A long unavailable curio in Elton John’s illustrious catalogue, Friends – released in March 1971 – is the soundtrack to a Paramount film, directed by James Bond and Alfie director Lewis Gilbert. Released between Tumbleweed Connection and Madman Across The Water, it was recorded at Trident Studios in central London in late 1970. Elton recorded it with drummer Nigel Olsson, bassist Dee Murray and guitarist Caleb Quaye. Produced by Gus Dudgeon with strings arranged by Paul Buckmaster, it was the core line-up that had made that April’s much-loved Elton John album.
As Elton had suddenly been propelled to stardom in the US following his Troubadour shows in LA (as lovingly fictionalised in Rocketman), then-manager Ray Williams connected Elton & lyricist Bernie Taupin with director Gilbert through his son, John, who was the manager of British rock group, Family. Although the film – starring Sean Bury & Anicée Alvina – was to spawn a 1974 sequel, it was not a great commercial or critical success. Like the film, the album, which is mainly instrumental, has a dedicated cult following. One of the main vocal tracks, "Can I Put You On", was in Elton’s live set for most of 1971.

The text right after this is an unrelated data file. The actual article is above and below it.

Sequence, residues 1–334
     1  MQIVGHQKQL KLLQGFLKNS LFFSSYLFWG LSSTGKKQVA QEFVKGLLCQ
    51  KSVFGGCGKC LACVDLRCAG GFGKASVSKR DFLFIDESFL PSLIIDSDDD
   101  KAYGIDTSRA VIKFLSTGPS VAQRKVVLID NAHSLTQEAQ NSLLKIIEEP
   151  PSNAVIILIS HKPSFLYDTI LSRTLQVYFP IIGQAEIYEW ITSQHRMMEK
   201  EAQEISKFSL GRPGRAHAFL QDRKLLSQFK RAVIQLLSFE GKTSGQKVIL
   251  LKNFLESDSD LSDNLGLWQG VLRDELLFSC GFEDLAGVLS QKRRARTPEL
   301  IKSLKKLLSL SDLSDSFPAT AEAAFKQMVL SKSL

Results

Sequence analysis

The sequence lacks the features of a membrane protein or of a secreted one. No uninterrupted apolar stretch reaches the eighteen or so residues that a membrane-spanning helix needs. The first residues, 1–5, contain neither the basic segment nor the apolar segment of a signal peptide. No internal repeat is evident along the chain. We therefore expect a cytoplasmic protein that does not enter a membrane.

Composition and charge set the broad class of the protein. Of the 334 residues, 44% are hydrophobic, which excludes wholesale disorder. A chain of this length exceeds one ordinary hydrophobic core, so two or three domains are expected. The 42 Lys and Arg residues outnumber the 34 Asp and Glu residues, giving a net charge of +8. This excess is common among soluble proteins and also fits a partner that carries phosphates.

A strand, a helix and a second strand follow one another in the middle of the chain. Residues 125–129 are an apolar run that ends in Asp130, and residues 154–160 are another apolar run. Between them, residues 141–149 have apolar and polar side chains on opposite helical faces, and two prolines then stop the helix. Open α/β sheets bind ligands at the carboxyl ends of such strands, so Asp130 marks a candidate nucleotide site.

Overseen with customary forensic attention to details by Elton’s archive team, Friends is an absolute feast for fans of Elton John and Bernie Taupin. Mastered in stereo at Abbey Road by Sean Magee, the album is presented in marbled coloured pink vinyl, to match its sleeve.
Excluded from sitewide sales/discounts.
A2. Honey Roll
A3. Variations On Friends Theme (The First Kiss)
A5. Variations On Michelle's Song (A Day In The Country)
A6. Can I Put You On
B1. Michelle’s Song
B2. I Meant To Do My Work Today (A Day In The Country)
B3. Four Moods
B4. Seasons Reprise